When I read such negative reviews by those who claim the history is all wrong, I wonder what stereotype of history they think they were taught. It is no surprise to me that they seem to think the scene with the orange was about an orange! They didn't pay attention to this film long enough to understand the simplest scene! I gather they don't really pay much attention to history either, but have popular historical assumptions that they have been fed or imagined. This is a film that ought to be shown in every classroom in the New World as well as Europe, if nowhere else. And for those who claim they were bored - rent an Arnold shoot-em up and stay home during elections, your opinion is just that valuable.
Unlike other film which are simply based on history, Conquest was more realistic than others. In most aspects anyway. I will discuss to some degree where I feel that "artistic license" was used.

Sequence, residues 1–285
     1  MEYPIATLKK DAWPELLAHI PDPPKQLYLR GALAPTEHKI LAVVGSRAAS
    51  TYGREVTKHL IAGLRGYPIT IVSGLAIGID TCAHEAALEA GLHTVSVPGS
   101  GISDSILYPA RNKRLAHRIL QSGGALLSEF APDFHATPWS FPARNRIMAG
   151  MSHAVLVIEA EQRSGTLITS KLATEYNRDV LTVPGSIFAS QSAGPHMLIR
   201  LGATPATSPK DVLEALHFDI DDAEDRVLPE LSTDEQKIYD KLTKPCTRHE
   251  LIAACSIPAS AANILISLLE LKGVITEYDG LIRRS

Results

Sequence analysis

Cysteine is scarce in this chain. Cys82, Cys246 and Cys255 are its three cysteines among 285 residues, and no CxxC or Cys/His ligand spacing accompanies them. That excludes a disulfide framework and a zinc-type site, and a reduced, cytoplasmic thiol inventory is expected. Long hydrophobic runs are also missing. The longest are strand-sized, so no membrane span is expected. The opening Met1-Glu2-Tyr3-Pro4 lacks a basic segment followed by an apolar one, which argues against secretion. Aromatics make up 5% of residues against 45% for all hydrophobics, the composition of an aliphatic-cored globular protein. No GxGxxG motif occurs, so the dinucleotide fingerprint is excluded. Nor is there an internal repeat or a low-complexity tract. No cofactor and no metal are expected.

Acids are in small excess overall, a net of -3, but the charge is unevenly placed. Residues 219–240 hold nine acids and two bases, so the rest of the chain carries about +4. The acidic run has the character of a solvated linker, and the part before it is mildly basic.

The scene where victims of the inquisition, were executed many of them Jews was quite accurate. Contrary to popular belief, most were strangled before set on fire. The film showed that in detail.
The encounter with the natives took place on the beach according to most accounts, not inland as in the film , This is one of the first inaccuracies.
Another inaccuracy was that Sanchez , brilliantly portrayed by Armand Assante. According to histirical texts went on the voyage. His assignment to safeguard th e Spanish crown's share of any riches seized. another historical inaccuracy.
Later came the Moxica character portrays by Michael Wincott. He cut of the arm of a native who hadn't found any gold. This was very accurate the natives were given quotas of gold the had to find and give to the Spaniards as tribute. Those who didn't comply were often mutilated. Also many of the early colonists rose in rebellion against Columbus.